Language Loyalties


Symbolic Implications of
Language Conflict

By James Crawford

Why has "bilingualism" suddenly become a burning issue in the United States? A simple answer is that linguistic diversity increased sharply in the 1980s, owing to sharply increased immigration. More immigrants and refugees entered the country during the last decade than any other since 1901-10. The majority of newcomers no longer arrived from Europe, but from the Third World; racially and culturally, they were even more heterogeneous than the "new immigrants" that alarmed nativists three generations ago. With more contact between more language groups, and with more demands on government for more bilingual services, friction was inevitable between monolingual Americans and speakers of other tongues. Language barriers created, or at least exacerbated, social tensions and thus led to political conflicts.

While there is undeniable truth in this explanation, it leaves a lot unanswered. "Irrational fear" may be a universal response to foreigners and to foreign speech, as Carlos Alberto Montaner suggests. And yet, the questions persist: Why are Americans today so eager to legislate Anglo-conformity? Why wasn't Official English a salient issue in earlier periods when ethnic diversity was at least as prevalent? Why have such measures been adopted in states like Alabama that have minuscule populations of linguistic minorities? Why is the idea so broadly appealing, attracting white Anglo-Saxon Protestants, Euro-ethnics, and to a lesser extent, blacks; racial reactionaries as well as supporters of civil rights; Democrats and Republicans, liberals and conservatives? Something more is at work than a visceral reaction to language differences.

It is ironic, notes Joshua Fishman, that the Official English campaign has appeared at a time when English is not only not threatened, but is becoming the preeminent world language. He analyzes English Only as a classic nativist movement, a diversion from real social problems into a mythic world of scapegoats and stereotypes. Proponents have seized upon bilingualism as a metaphor for troubling social change. "Defending" English provides a way to express anxieties that have little to do with language: the United States' slippage as a superpower, economic polarization in the Reagan era, rootlessness and the decline of community, our seeming impotence in coping with crises both foreign and domestic.

At the same time, there are rational if sometimes concealed motives that guide the Official English campaign. James Crawford unveils the intimate connections between U.S. English and the anti-immigration lobby. A single citizen-activist, Dr. John Tanton, has been the principal fundraiser, organizer, and intellectual force for both causes. His philosophy was elaborated in a confidential paper warning of the perils of changing demographics in particular, "the Latin onslaught" from South of the Border. Widely regarded as anti-Hispanic when it surfaced during the campaigns of 1988, the memorandum created a scandal that forced the resignation of Tanton and Linda Chávez from the leadership of U.S. English. At the same time, it uncovered some surprising ideological bedfellows. While this movement has attracted ultra-conservatives like Larry Pratt, the founder of English Plus (as well as the Committee to Protect the Family, Gun Owners of America, and U.S. Border Control), Dr. Tanton's roots are in liberalism. His language- and immigration- restrictionist positions evolved out of, and not in spite of, his environmental and population- control advocacy.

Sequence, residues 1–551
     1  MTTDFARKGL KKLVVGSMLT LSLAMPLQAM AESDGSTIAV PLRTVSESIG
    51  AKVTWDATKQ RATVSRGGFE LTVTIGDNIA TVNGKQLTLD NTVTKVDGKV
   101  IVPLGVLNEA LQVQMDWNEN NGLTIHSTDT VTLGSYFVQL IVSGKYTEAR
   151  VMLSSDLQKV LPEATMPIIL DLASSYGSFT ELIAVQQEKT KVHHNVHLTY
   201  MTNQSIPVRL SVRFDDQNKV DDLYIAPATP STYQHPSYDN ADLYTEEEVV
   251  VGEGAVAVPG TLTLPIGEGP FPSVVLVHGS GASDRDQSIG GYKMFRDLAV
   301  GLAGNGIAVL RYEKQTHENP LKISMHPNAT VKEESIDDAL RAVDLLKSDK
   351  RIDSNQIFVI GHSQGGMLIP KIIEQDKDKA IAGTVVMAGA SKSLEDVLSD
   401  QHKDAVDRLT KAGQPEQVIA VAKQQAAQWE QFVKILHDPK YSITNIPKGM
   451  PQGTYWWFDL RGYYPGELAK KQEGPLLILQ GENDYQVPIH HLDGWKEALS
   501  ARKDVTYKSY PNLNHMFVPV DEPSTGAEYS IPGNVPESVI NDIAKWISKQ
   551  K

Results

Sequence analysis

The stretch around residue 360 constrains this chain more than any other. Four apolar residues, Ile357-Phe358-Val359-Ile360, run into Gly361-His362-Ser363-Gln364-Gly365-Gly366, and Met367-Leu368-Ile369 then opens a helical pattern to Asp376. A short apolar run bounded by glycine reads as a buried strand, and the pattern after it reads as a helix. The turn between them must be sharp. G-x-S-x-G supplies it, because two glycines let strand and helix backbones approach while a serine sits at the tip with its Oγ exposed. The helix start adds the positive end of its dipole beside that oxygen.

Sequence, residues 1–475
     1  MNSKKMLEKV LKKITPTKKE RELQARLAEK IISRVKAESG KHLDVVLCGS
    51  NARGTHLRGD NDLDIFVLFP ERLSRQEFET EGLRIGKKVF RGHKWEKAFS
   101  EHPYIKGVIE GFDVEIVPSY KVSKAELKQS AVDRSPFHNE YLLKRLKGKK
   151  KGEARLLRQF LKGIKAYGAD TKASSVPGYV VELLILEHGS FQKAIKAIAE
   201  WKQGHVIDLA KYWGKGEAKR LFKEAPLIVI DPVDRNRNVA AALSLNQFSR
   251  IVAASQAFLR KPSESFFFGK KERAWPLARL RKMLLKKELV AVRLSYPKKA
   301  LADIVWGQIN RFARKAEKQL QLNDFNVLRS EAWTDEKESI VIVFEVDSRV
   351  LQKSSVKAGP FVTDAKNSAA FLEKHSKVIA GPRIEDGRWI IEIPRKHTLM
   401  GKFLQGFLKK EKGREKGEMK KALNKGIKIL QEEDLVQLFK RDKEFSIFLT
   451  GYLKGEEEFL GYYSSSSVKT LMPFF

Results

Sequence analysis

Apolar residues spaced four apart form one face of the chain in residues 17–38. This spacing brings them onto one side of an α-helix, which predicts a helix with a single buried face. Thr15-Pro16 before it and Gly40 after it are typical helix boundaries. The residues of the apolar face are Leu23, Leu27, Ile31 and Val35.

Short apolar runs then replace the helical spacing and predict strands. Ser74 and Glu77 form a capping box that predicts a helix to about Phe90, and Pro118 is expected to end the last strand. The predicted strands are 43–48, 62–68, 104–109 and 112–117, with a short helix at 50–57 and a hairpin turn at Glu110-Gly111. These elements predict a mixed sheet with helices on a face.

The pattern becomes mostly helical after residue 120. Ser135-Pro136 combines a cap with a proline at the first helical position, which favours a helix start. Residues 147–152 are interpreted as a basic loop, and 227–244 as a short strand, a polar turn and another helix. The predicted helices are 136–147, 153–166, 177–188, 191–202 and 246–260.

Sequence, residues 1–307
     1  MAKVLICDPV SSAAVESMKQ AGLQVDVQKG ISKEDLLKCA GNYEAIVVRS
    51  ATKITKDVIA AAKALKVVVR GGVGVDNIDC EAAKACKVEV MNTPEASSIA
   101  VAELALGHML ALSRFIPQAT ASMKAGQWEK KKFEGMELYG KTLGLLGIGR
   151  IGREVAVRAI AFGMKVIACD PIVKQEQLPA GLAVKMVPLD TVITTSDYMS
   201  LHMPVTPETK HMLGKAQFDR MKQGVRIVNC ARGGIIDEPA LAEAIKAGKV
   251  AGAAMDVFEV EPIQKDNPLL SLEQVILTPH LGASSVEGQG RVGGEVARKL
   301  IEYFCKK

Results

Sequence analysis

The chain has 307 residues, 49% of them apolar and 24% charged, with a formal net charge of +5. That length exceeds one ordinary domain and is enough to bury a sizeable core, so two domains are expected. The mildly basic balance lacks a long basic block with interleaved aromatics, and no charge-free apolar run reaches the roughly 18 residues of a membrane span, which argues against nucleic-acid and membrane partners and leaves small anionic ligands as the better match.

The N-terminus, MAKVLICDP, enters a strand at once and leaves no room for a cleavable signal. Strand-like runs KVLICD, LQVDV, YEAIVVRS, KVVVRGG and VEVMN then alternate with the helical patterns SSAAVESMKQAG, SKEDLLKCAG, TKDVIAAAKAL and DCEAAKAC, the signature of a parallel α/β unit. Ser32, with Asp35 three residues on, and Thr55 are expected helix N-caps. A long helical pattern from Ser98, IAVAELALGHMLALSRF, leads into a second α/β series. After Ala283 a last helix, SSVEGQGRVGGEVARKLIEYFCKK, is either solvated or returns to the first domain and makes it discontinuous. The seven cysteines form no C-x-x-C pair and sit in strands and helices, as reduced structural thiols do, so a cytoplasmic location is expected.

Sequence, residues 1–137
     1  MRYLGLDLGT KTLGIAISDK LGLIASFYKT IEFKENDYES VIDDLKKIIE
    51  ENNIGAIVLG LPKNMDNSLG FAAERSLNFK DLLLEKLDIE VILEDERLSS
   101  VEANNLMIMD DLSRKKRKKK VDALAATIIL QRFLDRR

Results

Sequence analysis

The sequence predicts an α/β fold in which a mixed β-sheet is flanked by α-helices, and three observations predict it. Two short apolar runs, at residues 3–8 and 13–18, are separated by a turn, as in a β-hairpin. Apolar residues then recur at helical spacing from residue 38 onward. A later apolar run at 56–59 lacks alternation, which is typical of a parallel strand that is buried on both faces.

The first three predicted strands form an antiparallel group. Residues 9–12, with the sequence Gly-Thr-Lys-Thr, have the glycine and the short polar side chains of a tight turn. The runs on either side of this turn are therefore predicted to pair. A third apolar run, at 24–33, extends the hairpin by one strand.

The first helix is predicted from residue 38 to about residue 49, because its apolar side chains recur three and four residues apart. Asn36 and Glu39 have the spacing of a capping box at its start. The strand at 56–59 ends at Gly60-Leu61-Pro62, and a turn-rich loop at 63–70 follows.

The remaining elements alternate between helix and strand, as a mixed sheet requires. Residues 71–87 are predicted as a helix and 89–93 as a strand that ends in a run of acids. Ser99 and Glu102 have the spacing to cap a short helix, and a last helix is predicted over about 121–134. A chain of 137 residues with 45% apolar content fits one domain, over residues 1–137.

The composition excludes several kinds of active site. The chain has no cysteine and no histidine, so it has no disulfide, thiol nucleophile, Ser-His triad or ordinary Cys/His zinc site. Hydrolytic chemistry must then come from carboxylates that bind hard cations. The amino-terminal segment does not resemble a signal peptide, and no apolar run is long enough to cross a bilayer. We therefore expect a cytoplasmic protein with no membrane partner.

Politically, Official English fits no predictable pattern. In Texas, 92 percent of Republican voters expressed their support in a 1988 straw poll, while Democratic leaders in the legislature blocked a binding statewide referendum. And yet, the lead sponsor of Official English has been a Democrat, while the Texas Republican hierarchy, hopeful of recruiting more Hispanics, has quietly tried to sabotage the campaign. Meanwhile, Republicans in the California Assembly have united in support of English Only measures, prompting Governor George Deukmejian to veto bilingual education bills. But in Florida, following a landslide vote to adopt Official English, it was Republicans (largely Cuban Americans) who spearheaded the defeat of Democratic legislation to enforce the amendment.